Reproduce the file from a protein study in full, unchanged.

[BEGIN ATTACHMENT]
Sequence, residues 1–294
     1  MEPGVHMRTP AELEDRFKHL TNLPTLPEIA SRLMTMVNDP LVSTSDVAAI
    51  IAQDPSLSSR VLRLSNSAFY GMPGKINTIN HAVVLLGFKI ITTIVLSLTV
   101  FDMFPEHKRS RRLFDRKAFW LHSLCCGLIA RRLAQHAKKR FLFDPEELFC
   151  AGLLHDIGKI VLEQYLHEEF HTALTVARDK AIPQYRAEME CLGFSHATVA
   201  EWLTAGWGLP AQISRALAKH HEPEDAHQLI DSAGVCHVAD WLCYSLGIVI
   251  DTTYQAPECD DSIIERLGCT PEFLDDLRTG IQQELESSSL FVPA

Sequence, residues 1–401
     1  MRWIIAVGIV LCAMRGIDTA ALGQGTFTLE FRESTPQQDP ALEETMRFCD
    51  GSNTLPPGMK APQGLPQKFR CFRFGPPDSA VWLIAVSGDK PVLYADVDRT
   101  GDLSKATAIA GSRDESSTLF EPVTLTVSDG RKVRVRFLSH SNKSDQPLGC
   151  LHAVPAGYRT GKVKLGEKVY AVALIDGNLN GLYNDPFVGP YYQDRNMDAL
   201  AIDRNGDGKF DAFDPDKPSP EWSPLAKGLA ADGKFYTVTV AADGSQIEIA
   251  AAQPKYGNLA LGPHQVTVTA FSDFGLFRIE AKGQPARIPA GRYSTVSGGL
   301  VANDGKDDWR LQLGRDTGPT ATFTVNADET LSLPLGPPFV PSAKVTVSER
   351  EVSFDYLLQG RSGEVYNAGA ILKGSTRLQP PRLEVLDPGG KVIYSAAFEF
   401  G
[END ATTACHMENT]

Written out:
Sequence, residues 1–294
     1  MEPGVHMRTP AELEDRFKHL TNLPTLPEIA SRLMTMVNDP LVSTSDVAAI
    51  IAQDPSLSSR VLRLSNSAFY GMPGKINTIN HAVVLLGFKI ITTIVLSLTV
   101  FDMFPEHKRS RRLFDRKAFW LHSLCCGLIA RRLAQHAKKR FLFDPEELFC
   151  AGLLHDIGKI VLEQYLHEEF HTALTVARDK AIPQYRAEME CLGFSHATVA
   201  EWLTAGWGLP AQISRALAKH HEPEDAHQLI DSAGVCHVAD WLCYSLGIVI
   251  DTTYQAPECD DSIIERLGCT PEFLDDLRTG IQQELESSSL FVPA

Sequence, residues 1–401
     1  MRWIIAVGIV LCAMRGIDTA ALGQGTFTLE FRESTPQQDP ALEETMRFCD
    51  GSNTLPPGMK APQGLPQKFR CFRFGPPDSA VWLIAVSGDK PVLYADVDRT
   101  GDLSKATAIA GSRDESSTLF EPVTLTVSDG RKVRVRFLSH SNKSDQPLGC
   151  LHAVPAGYRT GKVKLGEKVY AVALIDGNLN GLYNDPFVGP YYQDRNMDAL
   201  AIDRNGDGKF DAFDPDKPSP EWSPLAKGLA ADGKFYTVTV AADGSQIEIA
   251  AAQPKYGNLA LGPHQVTVTA FSDFGLFRIE AKGQPARIPA GRYSTVSGGL
   301  VANDGKDDWR LQLGRDTGPT ATFTVNADET LSLPLGPPFV PSAKVTVSER
   351  EVSFDYLLQG RSGEVYNAGA ILKGSTRLQP PRLEVLDPGG KVIYSAAFEF
   401  G